Union Learning Fund: 'A valuable way to engage adults'

If union learning reps are not supported, a valuable way of engaging people and encouraging them into learning will be lost, writes David Hughes
15th October 2020, 5:43pm

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Union Learning Fund: 'A valuable way to engage adults'

https://www.tes.com/magazine/archive/union-learning-fund-valuable-way-engage-adults
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"They won't be interested; nobody will turn up," said the senior manager at Rolls-Royce in Derby.

It was the early 2000s and he was responding to the union learning reps who had presented a proposal for a training and learning fair aimed at all staff at one of the many sites the company operated from. Rolls-Royce employed many thousands of people in Derby, and the union learning reps were in their infancy. I was involved through the funding and support we provided from my organisation at the time, the Learning and Skills Council.

Back then, none of us knew if staff would be interested. It was a nice-sounding idea, but not without risk. I was asked by the union to help persuade the leader to give it a go. I knew then (and still do) that many adults do not view themselves as learners. Our lack of a lifelong learning culture, the sense of failure that many people have from their own experiences of school and the lack of investment by many employers all create psychological as well as practical barriers for many people that prevent them from getting back into learning.


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Psychological barriers 

The annual Learning and Work participation survey shows each year how firm that view can be for many people. In the 2019 survey, 28 per cent of people said there was no barrier to them participating in learning - they could not see the point perhaps, or just didn't think it would help them in any way. Given the rapid pace of change in technology and the dislocations in the labour market from the pandemic, it's hard to see how any one of us will be able to succeed without learning and training throughout our lives. So we need to find ways to persuade that 28 per cent that there is a point, that they can participate, that they can succeed, and that it will help them in their lives and in work.

We spend money nationally on the Careers Service which plays an important part in this, as do colleges, adult education providers and lots of third-sector organisations. Short courses, tasters, outreach all play an important part. So do union learning reps. More than 40,000 of them now, across diverse workplaces, encouraging more than 200,000 adults to participate in training and learning. The evaluation of their work and the impact they have is positive and there are lots of fantastic case studies of how it works.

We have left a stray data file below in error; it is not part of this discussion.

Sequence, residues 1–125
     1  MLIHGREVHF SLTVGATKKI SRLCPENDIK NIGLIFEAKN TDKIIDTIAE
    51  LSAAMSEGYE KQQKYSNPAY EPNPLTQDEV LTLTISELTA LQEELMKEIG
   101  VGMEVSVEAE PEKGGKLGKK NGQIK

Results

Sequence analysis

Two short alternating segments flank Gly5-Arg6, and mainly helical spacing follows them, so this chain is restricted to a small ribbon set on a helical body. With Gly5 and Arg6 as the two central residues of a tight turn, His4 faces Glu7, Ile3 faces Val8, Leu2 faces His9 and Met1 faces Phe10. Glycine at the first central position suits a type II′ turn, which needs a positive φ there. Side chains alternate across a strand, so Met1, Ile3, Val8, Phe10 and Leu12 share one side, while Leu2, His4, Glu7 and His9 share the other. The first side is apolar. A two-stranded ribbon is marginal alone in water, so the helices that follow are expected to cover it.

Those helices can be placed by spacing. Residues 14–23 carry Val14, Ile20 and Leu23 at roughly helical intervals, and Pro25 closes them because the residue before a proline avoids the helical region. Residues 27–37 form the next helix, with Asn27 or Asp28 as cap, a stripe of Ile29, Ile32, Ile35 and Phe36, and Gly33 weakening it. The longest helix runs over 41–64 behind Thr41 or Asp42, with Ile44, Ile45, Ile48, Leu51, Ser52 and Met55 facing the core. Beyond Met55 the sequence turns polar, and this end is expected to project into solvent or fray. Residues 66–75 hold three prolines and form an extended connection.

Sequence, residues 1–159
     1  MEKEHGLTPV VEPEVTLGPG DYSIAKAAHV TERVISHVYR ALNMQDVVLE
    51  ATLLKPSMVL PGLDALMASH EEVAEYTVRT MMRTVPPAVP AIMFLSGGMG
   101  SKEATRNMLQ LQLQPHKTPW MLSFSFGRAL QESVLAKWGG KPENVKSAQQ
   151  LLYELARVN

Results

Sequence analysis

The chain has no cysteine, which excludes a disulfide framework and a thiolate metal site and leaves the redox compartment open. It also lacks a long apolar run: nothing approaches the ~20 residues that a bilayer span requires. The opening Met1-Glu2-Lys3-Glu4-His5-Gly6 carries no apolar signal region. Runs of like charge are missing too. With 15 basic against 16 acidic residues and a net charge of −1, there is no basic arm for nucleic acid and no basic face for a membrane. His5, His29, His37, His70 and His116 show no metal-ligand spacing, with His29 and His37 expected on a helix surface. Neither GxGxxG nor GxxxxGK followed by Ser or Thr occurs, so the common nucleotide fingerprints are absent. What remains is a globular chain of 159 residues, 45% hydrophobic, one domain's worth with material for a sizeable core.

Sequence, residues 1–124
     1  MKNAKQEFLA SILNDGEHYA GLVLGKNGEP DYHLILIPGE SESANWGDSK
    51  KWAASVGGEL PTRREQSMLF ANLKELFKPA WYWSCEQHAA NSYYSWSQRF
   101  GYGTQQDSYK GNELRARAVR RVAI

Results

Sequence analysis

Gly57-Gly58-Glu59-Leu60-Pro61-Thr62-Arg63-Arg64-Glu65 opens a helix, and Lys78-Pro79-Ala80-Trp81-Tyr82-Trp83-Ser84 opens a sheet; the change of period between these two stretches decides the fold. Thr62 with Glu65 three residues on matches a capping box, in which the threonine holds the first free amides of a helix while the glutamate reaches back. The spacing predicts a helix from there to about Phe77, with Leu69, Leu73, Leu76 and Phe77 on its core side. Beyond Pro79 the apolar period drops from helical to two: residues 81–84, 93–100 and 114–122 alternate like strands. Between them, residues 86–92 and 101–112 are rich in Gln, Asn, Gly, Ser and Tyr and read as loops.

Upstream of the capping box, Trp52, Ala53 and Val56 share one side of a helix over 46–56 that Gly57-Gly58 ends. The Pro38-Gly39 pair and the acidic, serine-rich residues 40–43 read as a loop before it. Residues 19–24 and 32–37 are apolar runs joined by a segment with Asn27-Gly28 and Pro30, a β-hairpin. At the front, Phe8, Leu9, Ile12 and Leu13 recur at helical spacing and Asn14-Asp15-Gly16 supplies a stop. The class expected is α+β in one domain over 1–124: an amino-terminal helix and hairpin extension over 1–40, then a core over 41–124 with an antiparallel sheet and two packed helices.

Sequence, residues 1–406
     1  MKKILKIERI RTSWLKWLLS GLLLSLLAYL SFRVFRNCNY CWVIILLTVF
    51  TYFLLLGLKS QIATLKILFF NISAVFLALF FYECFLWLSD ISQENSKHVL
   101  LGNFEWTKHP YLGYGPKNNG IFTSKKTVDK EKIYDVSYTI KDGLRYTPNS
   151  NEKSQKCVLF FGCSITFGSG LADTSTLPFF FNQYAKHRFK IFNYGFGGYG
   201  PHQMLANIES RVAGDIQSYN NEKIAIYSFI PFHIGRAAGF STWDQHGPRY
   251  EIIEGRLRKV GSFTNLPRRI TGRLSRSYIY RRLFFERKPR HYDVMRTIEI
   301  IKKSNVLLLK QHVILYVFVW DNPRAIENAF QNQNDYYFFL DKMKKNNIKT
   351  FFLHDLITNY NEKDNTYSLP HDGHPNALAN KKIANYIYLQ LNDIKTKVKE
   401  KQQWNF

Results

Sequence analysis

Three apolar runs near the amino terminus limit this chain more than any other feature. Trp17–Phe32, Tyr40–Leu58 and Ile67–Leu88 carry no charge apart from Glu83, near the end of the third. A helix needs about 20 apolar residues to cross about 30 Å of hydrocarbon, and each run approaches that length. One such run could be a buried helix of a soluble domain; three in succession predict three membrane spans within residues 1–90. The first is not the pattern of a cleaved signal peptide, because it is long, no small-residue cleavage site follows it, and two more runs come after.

The partnership between Gloucester College and Aegis union learning reps shows how in the finance sector, support was provided to workers facing redundancy through the closure of a Yorkshire Building Society. Staff were encouraged by the reps to develop transferable skills which helped them in their search for jobs.

In London, Unison learning reps won a Conel Excellence Award for supporting paramedics to achieve the necessary GCSE/FS levels in English and maths that they needed to enable them to take up further professional development opportunities with their employer.

There are many other examples all over the country. It's a simple notion - when a workmate encourages you into training or learning it feels a lot less threatening or loaded than when a manager does. It engenders self-confidence because the union learning reps are peers, mates, people like me.

Adults need to see themselves as learners

I don't know the ins and outs of the decision to stop funding Unionlearn, but I do know that if union learning reps are not supported we will lose a valuable way of engaging people and encouraging them into learning. I hope that doesn't happen because we need more adults to engage, to see themselves as learners, to have the confidence and to become lifelong learners - for their own careers, for their wellbeing and for their health and happiness.

We did persuade Rolls-Royce to support the training and learning fair. Hundreds turned up, signed up, got into learning. It was such a triumph that the managers praised their own foresight in making it happen. Success always has many parents. 

David Hughes is chief executive of the Association of Colleges

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